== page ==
Tag Archives: Thomas Dekker

What Is The Origin Of (246)?…

All Greek to me

One of the, admittedly few, advantages of learning ancient Greek is that I cannot with any degree of honesty use this phrase. Figuratively, though, it is used to denote total incomprehension. But why Greek?

Before I unmask the origin, I need to debunk a commonly held misconception. As great a dramatist as William Shakespeare was and as inventive a user of the English language as he undoubtedly was, it is almost inconceivable that all the phrases that came into common currency in the Elizabethan era owe their origins to him. It is true that the Bard used the phrase in an exchange between Casca and Cassius in the play, Julius Caesar, dating from 1601. Casca reporting on a speech of Cicero’s says “I, he spoke Greeke”. When asked what the great orator said, Casca reported, “those that understood him, smil’d/ at one another, and shooke their heads; but for mine/ owne part, it was Greeke to me”.

There are, however, some earlier examples of the phrase in print. The poet, George Gascoigne translated the prose comedy of the Italian playwright, Ludovico Aristo, under the Anglicised name of Supposes and it was performed at Grays Inn in 1566. Balia, after asking Polynesta to explain herself, comments, “this geare is Greeke to me; either it hangs not well together, or I am very dull of understanding: speak plaine, I pray you”. Even if we don’t understand the word geare, it means talk, the meaning of the phrase is crystal clear. Interestingly, Gascoigne introduced the phrase into the text, it not being there in the original.

The Scottish historie of Iames the fourth, slaine at Flodden, written by the English author, Robert Greene and published posthumously in 1598, contained the phrase, “tis Greeke to me”. A year before Shakespeare’s Julius Caesar, Thomas Dekker includes this exchange in his play, Patient Grissel; “asking for a Greek poet, to him he fails. I’ll be sworn he knows not so much as one character of the tongue./ Why, then it’s Greek to him”. This usage is relatively rare, it is normally Greek to the speaker rather than a third party, but nonetheless there is sufficient evidence to debunk the attribution to Shakespeare and to suggest that it was in currency from at least  the middle of the sixteenth century.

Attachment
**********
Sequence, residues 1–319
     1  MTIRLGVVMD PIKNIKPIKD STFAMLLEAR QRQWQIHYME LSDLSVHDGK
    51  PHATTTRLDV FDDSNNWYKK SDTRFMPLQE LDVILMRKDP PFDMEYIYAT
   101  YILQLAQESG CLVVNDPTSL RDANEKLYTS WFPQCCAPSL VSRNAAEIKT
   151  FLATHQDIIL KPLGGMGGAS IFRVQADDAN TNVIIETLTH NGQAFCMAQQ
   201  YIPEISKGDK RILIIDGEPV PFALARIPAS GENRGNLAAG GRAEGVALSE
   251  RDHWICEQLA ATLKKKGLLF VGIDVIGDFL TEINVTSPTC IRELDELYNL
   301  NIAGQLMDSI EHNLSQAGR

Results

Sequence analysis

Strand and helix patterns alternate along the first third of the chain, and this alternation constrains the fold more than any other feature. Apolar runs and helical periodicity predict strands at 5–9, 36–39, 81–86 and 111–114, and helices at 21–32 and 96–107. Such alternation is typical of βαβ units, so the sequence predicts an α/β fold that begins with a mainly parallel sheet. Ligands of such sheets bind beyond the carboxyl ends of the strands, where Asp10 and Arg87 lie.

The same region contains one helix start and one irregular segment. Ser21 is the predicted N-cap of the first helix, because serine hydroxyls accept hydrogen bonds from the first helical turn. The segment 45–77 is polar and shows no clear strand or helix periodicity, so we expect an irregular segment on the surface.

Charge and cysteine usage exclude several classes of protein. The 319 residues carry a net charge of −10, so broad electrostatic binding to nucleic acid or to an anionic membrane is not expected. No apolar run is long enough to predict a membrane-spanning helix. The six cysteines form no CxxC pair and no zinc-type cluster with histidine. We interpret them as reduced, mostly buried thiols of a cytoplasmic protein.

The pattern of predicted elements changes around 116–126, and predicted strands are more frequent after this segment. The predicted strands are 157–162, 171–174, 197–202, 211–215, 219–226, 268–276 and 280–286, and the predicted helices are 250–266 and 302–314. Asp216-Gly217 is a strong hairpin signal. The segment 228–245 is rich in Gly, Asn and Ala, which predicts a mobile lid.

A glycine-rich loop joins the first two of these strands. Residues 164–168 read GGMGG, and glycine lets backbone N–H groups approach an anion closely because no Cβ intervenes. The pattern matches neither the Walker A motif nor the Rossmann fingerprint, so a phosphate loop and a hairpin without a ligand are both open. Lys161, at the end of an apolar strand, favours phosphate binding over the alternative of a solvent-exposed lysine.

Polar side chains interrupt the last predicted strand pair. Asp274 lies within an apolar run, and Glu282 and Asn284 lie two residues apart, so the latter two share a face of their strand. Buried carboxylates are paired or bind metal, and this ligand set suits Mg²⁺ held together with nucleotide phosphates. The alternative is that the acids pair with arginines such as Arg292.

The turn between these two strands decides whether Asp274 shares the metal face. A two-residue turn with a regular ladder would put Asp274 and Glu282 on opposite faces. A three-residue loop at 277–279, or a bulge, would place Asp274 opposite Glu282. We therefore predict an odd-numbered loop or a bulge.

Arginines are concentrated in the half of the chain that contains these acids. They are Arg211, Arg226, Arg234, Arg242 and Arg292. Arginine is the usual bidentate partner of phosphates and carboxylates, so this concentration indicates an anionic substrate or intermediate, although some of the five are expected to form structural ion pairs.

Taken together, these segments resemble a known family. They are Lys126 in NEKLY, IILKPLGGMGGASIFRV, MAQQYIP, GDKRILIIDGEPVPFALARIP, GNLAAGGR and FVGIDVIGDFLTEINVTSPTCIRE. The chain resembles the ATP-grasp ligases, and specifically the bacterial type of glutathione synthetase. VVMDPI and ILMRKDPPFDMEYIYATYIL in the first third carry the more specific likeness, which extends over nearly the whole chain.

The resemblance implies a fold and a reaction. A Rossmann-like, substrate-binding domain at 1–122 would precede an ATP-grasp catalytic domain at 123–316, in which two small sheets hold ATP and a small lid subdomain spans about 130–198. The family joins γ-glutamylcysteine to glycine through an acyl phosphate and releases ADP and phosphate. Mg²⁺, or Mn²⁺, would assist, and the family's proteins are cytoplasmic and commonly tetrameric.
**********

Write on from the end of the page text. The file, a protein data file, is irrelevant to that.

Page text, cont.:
Indeed, it is likely that the origin comes from the commonplace marginalia of a frustrated monk who cannot make head nor tail of the text that he is laboriously copying, Graecum est, non potest legi. In case that is Greek to you, it means it is Greek, it cannot be read. The phrase escaped the confines of the cloisters, perhaps aided by the destruction of the monasteries during the Reformation. And why Greek? The language was less well known and understood even among the educated classes, particularly in comparison with the lingua franca of the time, Latin. And the Greek script can be off-putting to a beginner to get their head around.

In the eighteenth century variants emerged. John Wesley, in Advice to a People called Methodist from October 1745, wrote, “To ninety-nine of them it is still heathen Greek”. And amongst the lower orders, at least according to Francis Grose’s A Classical Dictionary of the Vulgar Tongue, there was St Giles’s Greek, defined as “the slang lingo, cant or gibberish”. This was picked up in the rather snooty editorial introduction to a letter written in the vernacular which Jackson’s Oxford Journal deemed to publish on March 4, 1786; “we are desired to publish the following intercepted Letter to the Informer of the Robbery at Magdalen College, written, as it appears, by one of the Gang, in the Language which they call St Giles’s Greek”.